Santiago bill seeks to bar public execs from charging pay of personal guards to gov’t
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MANILA, Philippines— A bill prohibiting public officers and their families from charging to the government the salaries of their personal private security guards has been filed at the Senate.
Senate Bill No. 733 filed by Senator Miriam Defensor-Santiago “seeks to curb the practice among public officers of charging to the government the salaries of their personal/private security guards.”
The bill also provides that only the President and four other ranking government officials— the Vice President, the Chief Justice, Senate President and Speaker – should be entitled to such number of private or personal security guards.
It would be unlawful, under the proposed measure, for any public officer or employee or any member of his family to:
Charge to the government the salaries of his or his family’s personal or private security guards
Directly or indirectly request or receive for himself or for his family, the services of private or personal security guards, from any person, agency, entity or corporation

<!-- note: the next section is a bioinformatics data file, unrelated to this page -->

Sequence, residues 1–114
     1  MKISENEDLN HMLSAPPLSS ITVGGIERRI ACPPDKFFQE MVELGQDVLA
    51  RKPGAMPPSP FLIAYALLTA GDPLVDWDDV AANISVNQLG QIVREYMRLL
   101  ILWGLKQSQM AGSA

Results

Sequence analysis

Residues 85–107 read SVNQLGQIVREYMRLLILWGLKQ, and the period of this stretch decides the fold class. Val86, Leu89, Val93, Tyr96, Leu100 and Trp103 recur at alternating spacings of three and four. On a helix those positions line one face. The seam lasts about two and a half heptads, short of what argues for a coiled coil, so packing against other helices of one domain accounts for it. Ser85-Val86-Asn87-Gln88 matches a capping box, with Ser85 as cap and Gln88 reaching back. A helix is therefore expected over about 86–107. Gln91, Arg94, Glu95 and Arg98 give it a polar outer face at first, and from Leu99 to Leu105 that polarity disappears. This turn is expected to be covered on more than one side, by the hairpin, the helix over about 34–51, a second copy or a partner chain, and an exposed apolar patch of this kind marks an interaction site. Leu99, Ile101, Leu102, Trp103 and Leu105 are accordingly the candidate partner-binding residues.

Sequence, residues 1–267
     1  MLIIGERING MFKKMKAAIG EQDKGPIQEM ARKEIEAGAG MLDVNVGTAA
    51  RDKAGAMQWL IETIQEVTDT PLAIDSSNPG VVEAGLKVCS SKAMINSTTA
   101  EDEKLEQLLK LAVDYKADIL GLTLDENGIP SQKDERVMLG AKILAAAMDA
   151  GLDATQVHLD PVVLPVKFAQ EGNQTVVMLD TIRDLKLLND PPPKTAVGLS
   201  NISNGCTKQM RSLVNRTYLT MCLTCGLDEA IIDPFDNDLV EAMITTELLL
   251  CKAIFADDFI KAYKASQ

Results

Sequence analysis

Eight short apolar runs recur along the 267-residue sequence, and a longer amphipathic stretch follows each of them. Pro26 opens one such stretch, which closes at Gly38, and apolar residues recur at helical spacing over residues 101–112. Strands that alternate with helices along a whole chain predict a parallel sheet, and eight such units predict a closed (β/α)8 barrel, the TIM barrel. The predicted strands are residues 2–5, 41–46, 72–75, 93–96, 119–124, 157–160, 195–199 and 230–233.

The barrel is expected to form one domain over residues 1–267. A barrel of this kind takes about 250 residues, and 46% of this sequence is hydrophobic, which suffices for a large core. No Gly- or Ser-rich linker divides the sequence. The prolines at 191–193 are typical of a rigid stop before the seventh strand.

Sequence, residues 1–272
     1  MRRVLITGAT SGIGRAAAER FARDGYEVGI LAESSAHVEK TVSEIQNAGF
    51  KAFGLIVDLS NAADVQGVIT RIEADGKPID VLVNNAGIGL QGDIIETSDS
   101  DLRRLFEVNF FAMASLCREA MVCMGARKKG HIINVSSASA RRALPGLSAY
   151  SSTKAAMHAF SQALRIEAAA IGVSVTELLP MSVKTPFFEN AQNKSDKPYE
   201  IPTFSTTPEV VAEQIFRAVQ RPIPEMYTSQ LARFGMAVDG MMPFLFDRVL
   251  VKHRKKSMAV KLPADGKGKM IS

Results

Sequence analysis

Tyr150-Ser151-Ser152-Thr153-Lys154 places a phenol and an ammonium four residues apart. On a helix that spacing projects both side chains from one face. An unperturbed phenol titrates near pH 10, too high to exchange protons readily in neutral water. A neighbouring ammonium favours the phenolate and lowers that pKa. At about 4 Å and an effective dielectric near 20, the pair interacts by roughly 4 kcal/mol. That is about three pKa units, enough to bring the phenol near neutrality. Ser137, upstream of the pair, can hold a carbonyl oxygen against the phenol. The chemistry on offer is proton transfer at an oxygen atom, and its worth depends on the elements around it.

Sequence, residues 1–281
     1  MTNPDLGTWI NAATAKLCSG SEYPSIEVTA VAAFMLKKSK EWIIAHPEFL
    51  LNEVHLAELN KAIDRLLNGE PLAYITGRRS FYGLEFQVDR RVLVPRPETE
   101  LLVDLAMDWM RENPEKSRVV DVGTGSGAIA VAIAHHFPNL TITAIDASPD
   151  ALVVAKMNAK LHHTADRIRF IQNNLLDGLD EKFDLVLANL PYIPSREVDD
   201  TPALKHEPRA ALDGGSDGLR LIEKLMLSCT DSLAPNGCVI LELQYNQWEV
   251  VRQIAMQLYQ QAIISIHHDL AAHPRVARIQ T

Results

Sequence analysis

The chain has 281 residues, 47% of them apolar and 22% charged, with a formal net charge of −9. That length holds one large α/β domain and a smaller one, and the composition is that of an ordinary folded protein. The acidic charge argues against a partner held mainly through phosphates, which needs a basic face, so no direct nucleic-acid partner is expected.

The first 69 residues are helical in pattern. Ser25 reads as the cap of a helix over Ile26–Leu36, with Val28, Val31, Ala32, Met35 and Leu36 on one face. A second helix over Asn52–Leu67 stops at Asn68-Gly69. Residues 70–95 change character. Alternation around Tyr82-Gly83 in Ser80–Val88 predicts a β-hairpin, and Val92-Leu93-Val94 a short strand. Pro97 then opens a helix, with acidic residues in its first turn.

To accept or have any member of his family accept the services of private or personal security guards from any person, entity, agency or corporation
And to directly or indirectly request or receive the services of private or personal security guards, for himself or for any member of his family, from any person, agency, entity or corporation
In filing the bill, Santiago pointed out that public funds must only be spent for an authorized public purpose.
“Public officers should lead modest lives. Most public officials do not need private security guards. In most cases, there is no serious threat to their lives, and having security guards have turned into a status symbol,” she said in her explanatory note of the b ill.
“Further, public funds must only be spent for an authorized public purpose. Hence, public officers should be prohibited from charging to the government the salaries of their personal or private security guards,” she added.
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